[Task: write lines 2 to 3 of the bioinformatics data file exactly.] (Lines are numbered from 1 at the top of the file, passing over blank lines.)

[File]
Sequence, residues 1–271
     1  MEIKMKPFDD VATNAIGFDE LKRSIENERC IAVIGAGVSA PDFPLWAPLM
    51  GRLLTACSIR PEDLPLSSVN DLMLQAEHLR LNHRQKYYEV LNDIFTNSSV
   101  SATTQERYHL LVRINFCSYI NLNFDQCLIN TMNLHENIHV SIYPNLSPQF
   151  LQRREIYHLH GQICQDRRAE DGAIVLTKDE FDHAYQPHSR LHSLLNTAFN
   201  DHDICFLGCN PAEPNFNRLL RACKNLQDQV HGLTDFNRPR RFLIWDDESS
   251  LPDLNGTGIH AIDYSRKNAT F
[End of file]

     1  MEIKMKPFDD VATNAIGFDE LKRSIENERC IAVIGAGVSA PDFPLWAPLM
    51  GRLLTACSIR PEDLPLSSVN DLMLQAEHLR LNHRQKYYEV LNDIFTNSSV